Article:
A Meaningful Life
By: T. Franklin Murphy | April 2018
Surviving the Momentary Discomforts
Biologically driven to chase pleasure, we avoid pain; but modern society evolved quicker than our biological systems could adapt. We must measure impulses first for effectiveness.
Joy is pleasurable—it feels good. We want to feel good; secure, loved, healthy and happy. We willingly work to maximize the comforts and minimize vexing annoyances. Underlying emotions motivate action. Consciousness adds a new complexity to the biological drives of action. We seek pleasure and avoid discomfort--to some extent. We differ in self-discipline and the importance of futures, but most behaviors are driven by immediate pleasure or hope for pleasure in the future. But living is more than a sacred quest for pleasure. Our minds do much more than blindly march to the beat of the emotions. The thoughts mull over the anxieties, the challenges and joys, giving meaning to our experiences; and with meaning life becomes a rich feeling experience. The distress of momentary discomforts softens with wisdom as we accept life for the feeling experience that it is.
Our bodies constantly flow with emotion, pushed to respond to needs and fears. Pleasurable feelings motivate behaviors that the body believes will improve survival and the passing on of genes. Or as masterly presented in evolutionist Richard Dawkin’s classic The Selfish Gene, the gene is the instigator of action ensuring its own survival and propagation. Survival of a species, a gene, or an organism isn’t determined by a single choice but formed through a complex and lengthy process of adjustments to surrounding environments and competitions. The demands of living continually change, demanding new adaptations for survival. Biological changes can’t keep pace. The complexity of human survival in rapid changes environments convolutes clear biological distinctions between survival needs and simple pleasure. Past biological imprints may no longer be relevant to modern survival.
The social world has changed exponentially over the past few millennia. Many evolutionary adaptations lag woefully behind. Biological adaptation occurs over millions of years, while social changes occur over months, years and decades. The industrial revolution radically changed survival needs. Many physical needs for a well-functioning body were historically in short supply. Obtaining them ignited great pleasure because it satisfied thirsty bodily need. Products that we can buy at the local grocer, often required strenuous effort in the past. Pleasure drove action; limited supplies provided natural controls on consumption. In abundance, we must utilize self-control occasionally foregoing biological driven pleasures for better futures. We don’t sleep with our neighbor’s wife, over extend credit, or feast on hostess cupcakes. We endure the discomforts of biological drives because we consciously know the anxieties these momentary pleasures can cast on the future.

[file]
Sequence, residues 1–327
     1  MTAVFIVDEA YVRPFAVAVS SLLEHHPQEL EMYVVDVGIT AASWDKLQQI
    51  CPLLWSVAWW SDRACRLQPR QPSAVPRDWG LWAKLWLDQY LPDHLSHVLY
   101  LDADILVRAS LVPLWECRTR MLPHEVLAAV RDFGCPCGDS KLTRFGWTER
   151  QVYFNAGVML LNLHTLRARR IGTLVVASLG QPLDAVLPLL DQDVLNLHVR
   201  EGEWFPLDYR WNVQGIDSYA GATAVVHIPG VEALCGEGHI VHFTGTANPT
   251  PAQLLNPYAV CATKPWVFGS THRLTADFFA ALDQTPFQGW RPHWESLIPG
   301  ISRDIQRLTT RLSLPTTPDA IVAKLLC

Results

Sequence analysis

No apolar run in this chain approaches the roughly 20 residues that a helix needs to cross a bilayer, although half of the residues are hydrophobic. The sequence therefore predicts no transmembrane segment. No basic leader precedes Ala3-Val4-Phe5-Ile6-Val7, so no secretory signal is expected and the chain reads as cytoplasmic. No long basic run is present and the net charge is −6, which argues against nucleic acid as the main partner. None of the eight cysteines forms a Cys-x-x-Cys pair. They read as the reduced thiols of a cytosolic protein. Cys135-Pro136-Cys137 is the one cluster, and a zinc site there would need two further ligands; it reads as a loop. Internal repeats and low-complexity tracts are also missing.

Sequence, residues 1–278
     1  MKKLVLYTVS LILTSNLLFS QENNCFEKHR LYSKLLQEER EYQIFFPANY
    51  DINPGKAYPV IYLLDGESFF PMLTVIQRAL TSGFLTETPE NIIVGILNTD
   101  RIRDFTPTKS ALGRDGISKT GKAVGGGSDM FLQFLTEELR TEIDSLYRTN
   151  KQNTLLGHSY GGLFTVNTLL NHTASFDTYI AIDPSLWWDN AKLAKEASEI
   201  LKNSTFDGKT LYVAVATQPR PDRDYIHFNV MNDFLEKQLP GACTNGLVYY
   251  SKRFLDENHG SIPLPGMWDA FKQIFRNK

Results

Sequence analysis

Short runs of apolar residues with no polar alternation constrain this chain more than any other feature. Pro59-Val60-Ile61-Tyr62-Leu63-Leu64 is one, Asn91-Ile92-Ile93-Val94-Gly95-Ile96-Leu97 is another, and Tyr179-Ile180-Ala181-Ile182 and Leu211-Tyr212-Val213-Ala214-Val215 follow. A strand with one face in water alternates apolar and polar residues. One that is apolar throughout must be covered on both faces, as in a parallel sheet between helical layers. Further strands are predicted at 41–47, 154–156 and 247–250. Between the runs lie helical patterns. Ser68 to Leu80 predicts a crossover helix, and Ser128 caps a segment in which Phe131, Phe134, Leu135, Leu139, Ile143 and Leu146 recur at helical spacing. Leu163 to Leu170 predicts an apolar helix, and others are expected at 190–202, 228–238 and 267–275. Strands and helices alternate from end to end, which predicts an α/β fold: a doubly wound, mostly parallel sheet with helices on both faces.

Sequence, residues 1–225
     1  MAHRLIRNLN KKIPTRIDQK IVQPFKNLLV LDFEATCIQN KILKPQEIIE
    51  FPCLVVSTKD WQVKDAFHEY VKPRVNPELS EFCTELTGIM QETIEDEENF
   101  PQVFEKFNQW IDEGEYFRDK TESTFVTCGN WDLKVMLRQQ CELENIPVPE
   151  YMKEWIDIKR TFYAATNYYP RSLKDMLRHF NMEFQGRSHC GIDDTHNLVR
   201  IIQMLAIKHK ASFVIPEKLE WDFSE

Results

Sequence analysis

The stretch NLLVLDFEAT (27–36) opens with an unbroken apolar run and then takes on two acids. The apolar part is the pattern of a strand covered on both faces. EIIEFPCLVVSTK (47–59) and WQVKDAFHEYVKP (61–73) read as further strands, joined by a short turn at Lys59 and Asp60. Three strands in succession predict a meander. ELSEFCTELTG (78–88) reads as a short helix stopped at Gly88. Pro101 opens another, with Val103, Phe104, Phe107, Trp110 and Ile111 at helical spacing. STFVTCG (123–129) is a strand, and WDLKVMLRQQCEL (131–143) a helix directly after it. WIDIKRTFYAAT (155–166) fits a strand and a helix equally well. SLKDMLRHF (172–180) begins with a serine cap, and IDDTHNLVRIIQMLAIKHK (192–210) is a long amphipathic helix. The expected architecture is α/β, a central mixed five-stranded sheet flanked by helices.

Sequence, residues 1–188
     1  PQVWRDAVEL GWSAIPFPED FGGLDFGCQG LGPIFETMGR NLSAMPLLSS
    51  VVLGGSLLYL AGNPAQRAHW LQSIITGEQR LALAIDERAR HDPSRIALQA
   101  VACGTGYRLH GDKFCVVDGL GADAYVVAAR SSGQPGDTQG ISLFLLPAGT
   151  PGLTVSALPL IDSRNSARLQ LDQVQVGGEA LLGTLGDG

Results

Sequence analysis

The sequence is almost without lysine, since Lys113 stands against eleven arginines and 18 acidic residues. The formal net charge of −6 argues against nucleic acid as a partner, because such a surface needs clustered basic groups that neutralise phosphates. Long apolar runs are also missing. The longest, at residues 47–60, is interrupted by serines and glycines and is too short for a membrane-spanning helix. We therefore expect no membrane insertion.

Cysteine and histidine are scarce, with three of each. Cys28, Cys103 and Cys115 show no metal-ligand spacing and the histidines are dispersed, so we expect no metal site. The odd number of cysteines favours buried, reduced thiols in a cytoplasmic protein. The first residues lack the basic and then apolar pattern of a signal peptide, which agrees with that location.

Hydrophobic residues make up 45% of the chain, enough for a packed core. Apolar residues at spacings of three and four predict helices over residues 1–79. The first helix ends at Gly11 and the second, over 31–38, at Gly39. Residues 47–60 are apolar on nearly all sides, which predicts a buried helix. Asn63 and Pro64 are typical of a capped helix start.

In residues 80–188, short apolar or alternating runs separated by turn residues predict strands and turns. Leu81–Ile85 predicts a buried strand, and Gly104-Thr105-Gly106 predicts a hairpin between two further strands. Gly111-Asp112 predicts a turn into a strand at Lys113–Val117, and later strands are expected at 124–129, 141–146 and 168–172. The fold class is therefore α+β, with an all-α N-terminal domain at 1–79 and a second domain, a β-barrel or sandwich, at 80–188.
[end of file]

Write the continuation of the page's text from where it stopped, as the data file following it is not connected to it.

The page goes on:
"In abundance, we must utilize self-control occasionally foregoing biological driven pleasures for better futures. "
No matter how cute the puppy in the window appears, if we don’t have the resources or time, bringing him home creates more disruption than the momentary pleasures of slobbery kisses and warm cuddles. Biological attractions and repulses are essential—the building blocks of action. They are the foundation of survival. But we must harness and mindfully evaluate impulses for applicability in our modern world, refining behaviors and focusing on the long-term impacts of present action. Momentary pleasures often create future pain.
We often derive more benefit from enduring the momentary discomfort of an unfulfilled drive in the present than sorting through the disastrous consequences many of those drives create for our futures. The utility of the choice may require lifting our gaze to more fulfilling horizons.
Intimate relationships, long careers, healthy children all require working through an onslaught of emotions, pushing through fears, squashing angers, and suffering through sadness. We can only manage these discomforts when they are a part of larger meaningful purposes.
Living a rich, meaningful life fills existence with feeling. A flourishing life—both for ourselves and future generations—requires the full range of human emotions; and not mindlessly limiting ourselves to chasing costly momentary pleasures.
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